Monday, May 26, 2008

Hill's hypocrisy on gas prices

From Daniel Suddeath's lead story in Saturday's (Jeff-NA) News-Tribune...

Schansberg challenges Hill to debate on gas prices

Gasoline prices nearing $4 a gallon in Southern Indiana are a big issue for Eric Schansberg, the Libertarian candidate for the 9th District seat in the U.S. House of Representatives.

Schansberg would like Democratic Party Rep. Baron Hill to address the prices is his bid for reelection, and he feels there is no better way to do it than in a debate.

“Voters deserve an explanation from Congressman Hill,” Schansberg said. “Baron thought this was an important issue in 2006. Surely he will want to address it now.”

Schansberg referred to the 2006 campaign when Hill challenged then incumbent Mike Sodrel, the Republican candidate for the 9th District seat, to a similar debate.

Schansberg said that like Sodrel in 2006, Hill apparently isn’t interested.

To add appropriate flavor to this, one should remember that Hill repeatedly demanded a debate from Sodrel in May 2006.

“He still has not returned our calls,” Schansberg said.

In a release from Katie Moreau, campaign spokeswoman for Hill, she stated the congressman is worried about acting on the problems, not debating them.

“There will be plenty of time for open and honest debates in the months to come. Right now, Baron is focused on legislative priorities, such as lowering the people of Southern Indiana’s property taxes and the price they are paying at the pump for gasoline,” Moreau said.

Talking with us through the press instead of returning our calls? Classy, huh? And again, in May 2006, Hill thought that debating was more important than acting. Why the change?

Schansberg does not expect the debate to take place, saying the gesture was more to show that Hill was being hypocritical on the issue.

“Two years ago he demanded a debate from Sodrel on this issue and now that the shoe’s on the other foot, he’s not going to want any part of this,” he said.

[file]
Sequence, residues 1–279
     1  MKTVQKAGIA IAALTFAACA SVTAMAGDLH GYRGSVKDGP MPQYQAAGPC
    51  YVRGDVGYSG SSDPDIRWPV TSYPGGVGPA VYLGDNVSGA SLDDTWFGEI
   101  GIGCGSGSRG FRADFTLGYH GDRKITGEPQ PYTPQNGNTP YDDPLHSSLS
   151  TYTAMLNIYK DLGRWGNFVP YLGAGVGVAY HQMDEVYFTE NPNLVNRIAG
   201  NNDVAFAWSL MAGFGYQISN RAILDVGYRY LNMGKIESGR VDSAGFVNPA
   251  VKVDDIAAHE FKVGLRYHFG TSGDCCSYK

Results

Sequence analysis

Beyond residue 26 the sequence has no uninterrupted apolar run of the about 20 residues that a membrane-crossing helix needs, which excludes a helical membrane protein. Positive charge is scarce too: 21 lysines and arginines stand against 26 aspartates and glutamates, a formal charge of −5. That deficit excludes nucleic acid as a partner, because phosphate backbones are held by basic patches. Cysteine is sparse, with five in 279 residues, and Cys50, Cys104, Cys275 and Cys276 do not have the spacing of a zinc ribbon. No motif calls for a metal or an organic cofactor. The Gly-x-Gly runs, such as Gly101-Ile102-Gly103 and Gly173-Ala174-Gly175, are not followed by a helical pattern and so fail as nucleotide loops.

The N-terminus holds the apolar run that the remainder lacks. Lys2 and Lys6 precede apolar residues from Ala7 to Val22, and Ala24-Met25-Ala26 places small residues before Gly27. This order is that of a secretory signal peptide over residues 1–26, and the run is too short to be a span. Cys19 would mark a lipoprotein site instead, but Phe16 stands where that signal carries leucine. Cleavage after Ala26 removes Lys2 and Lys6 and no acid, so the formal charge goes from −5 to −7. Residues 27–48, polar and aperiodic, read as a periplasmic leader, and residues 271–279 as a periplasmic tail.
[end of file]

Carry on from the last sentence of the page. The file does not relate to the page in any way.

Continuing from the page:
Why won't Hill debate me on this?
a.) his party supports a range of policies that reduce supply and thus, increase prices
b.) he supports profligate spending and debt, weakening the dollar, and driving up the price of imports including oil and gas
c.) he's a hypocrite
d.) it's the smart thing to do politically-- as an incumbent who has little to offer on this issue
e.) why would a politician want to debate an economist on an economics issue?
f.) all of the above

The correct answer: F. (Ironically, this is Hill's grade on fiscal conservatism from the NTU, CAGW, and Club for Growth.)

Sodrel’s campaign has been contacted about the debate and Schansberg said there has been some dialogue between the two camps, which was confirmed by a spokesman for Sodrel’s campaign.

Sodrel said he’s not sure how much good a forum just on gas prices would be.

“When Congressman Hill challenged me, I said a single-issue debate is not very useful and I still feel that way,” Sodrel said. “Would I participate? Sure. But I just think we ought to have a serious debate (on several issues).”

I appreciate Sodrel's consistency, although he missed an opportunity to expose Hill's hypocrisy.

In a release, Schansberg stated gas prices have increased 68 percent since Hill returned to Congress in November 2006.

“As an economist, I know that gas prices are determined by the market, and we all know that Democrats support a range of policies that restrict the supply of oil and gas, and thus keep prices higher,” Schansberg said.

On May 14, a bill co-sponsored by Hill to temporarily suspend filling the Strategic Petroleum Reserve for the remainder of 2008 passed in the House. The Senate also passed the bill, and President George Bush announced Monday he would sign it into legislation, temporarily suspending filling the reserve for the next six months.

“People are really hurting,” Hill stated in a release. “Although this is certainly not the long-term answer to lowering gasoline prices, we should help people in the short term if we can. I believe we ought to be offering relief to folks.”

Reducing the SPR is fine, but it's exceptionally modest compared to other policies.

Sodrel said the key is to develop other sources of energy, but added that even if developed, Americans would not be able to rely on the additional sources for at least a generation.

In the meantime, Sodrel suggests capitalizing on existing U.S. oil sources.

“We’re also going to have to develop our natural gas and our crude oil sources in environmentally conscious ways,” he said.

Amen, brother...Preach it!


At May 26, 2008 at 11:15 PM , Blogger said...

From article: "I hadn't realized, until the hearings on energy that were held this week in House and Senate committees, that the United States doesn't have any big oil companies. It's true: the largest American oil company, Exxon Mobil, is only the 14th largest in the world, and is dwarfed by the really big oil companies--all owned by foreign governments or government-sponsored monopolies--that dominate the world's oil supply."

At May 27, 2008 at 12:00 AM , Blogger Eric Schansberg said...

Thanks for that little/big factoid!


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